The good news above (which is under the mandate of the SANDF),  however needs to be read in conjunction with the rapid deterioration of the sewerage network within Emfuleni , where burst and leaking sewerage pipes are a growing daily occurrence in schools, townships, suburbs, homes, businesses, council offices and streets.  The networks are not under the mandate or budget allocation of the SANDF.

Word on the outcome of a strategy session between the various government, municipal and SEO stakeholders to access funding, will hopefully be forthcoming and the  plan presented to the residents to let them know there is light at the end of the tunnel of this growing deterioration of standard of health and safety of living in the Vaal.


The public are very disappointed in the lack of communication from the Communications Dept within Emfuleni and the responsible entities, regarding when leaks will be repaired.  If a time scale or just daily updates were provided - this would be the common decency basic that should be afforded to residents and would go some way to help appease the outrage in the communities of having to live with sewerage infecting their homes, schools, businesses and streets.


Metsi a Lekoa (the water and waste water arm of ELM) is mandated with keeping the waste water networks within Emfuleni in a safe and environmentally acceptable condition This entity is totally underfunded and under-equipped in every possible way – as has been the case for the past decade.   There needs to be national intervention to provide Metsi a lekoa  with the necessary funding, staffing, equipment and vehicles to execute their mandate.  It is impossible for them to do their jobs or attend to the over 60 complaints a day - with the status of this entity.  They are hamstrung and operating under very difficult conditions.  By province and national not funding and equipping this department – it is further adding the pollution and safety concerns of all residents.  There is no point in funding the SANDF and then also not adequately funding the entity who’s primary job is sanitation in ELM.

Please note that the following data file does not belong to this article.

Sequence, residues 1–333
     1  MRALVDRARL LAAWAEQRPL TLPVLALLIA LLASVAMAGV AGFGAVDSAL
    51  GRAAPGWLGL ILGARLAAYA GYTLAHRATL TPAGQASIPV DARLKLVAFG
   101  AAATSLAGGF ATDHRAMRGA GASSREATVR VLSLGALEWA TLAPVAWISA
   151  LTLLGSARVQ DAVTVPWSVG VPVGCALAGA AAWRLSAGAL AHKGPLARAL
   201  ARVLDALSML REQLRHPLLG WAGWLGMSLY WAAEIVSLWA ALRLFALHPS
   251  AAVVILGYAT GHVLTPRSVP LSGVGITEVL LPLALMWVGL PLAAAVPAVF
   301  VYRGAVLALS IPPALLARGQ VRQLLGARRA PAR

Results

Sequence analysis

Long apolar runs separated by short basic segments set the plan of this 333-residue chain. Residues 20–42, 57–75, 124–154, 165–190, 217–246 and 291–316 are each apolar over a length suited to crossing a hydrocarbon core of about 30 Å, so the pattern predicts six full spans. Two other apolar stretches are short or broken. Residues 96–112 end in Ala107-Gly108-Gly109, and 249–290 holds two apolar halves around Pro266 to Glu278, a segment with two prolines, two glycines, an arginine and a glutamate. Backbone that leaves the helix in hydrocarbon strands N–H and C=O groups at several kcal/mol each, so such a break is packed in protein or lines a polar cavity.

What ideally should be done to free up funds urgently to address the dramatic health and safety violations Vaal residents are having to live in at no fault of their own - would be to declare the Vaal a disaster area – which it currently is.

The politicians do not want to do this – since it has negative ramifications for them, however it would be the right thing to do for the residents, businesses and the environment.  We have formally made the authorities aware of the extent of this health and dreaded diseases risk to Vaal Residents.  Government will be totally responsible should there be an outbreak of diseased caused by the proliferation of untreated sewerage permeating the living conditions of communities extending all the way from Evaton all the way down to the Vaal river.


The time for  doing the right thing is now.  Let is not be said, “We told you so – and you are now legally responsible for the diseases and deaths caused by your lack of action and therefore negligence.  There was a way – you could have declared the Vaal a disaster area to free up funds urgently.  But you failed to do so for political reasons.”

WATCH | SANDF needs funding to continue its Vaal River sewage clean-up

Published on Feb 19, 2019

WATCH | Update on SAHRC's Inquiry into Vaal River contamination

Published on Feb 19, 2019

R240m cash injection to fix polluted Vaal River.

20 February 2019


The SA National Defence Force's (SANDF) intervention at the severely polluted Vaal River has received a whopping R240m cash injection, the South African Human Rights Commission (SAHRC) heard on Wednesday

However, there is still a shortfall.

The SANDF deployed soldiers, among them specialist engineers, to find solutions to the contamination of the Vaal River, after untreated waste made its way into the river causing blocked drains and flowing into local community members' homes and into streets.

The SAHRC initiated an inquiry in September, which ended on Wednesday.

At the inquiry on Wednesday, the Department of Water and Sanitation said much effort was being made to ensure that the SANDF had the support it needed.

Provincial head of the department, Sibusiso Mthembu, said R1.1bn was needed to fix 39 pump stations and three water treatment plants in the Vaal.

"We are now just waiting for the final approvals. They have already been discussed with Treasury, and once the papers are signed, the funds will immediately be made available," Mthembu said.

READ:  Vaal River pollution: 'There have been challenges to compliance', Sasol says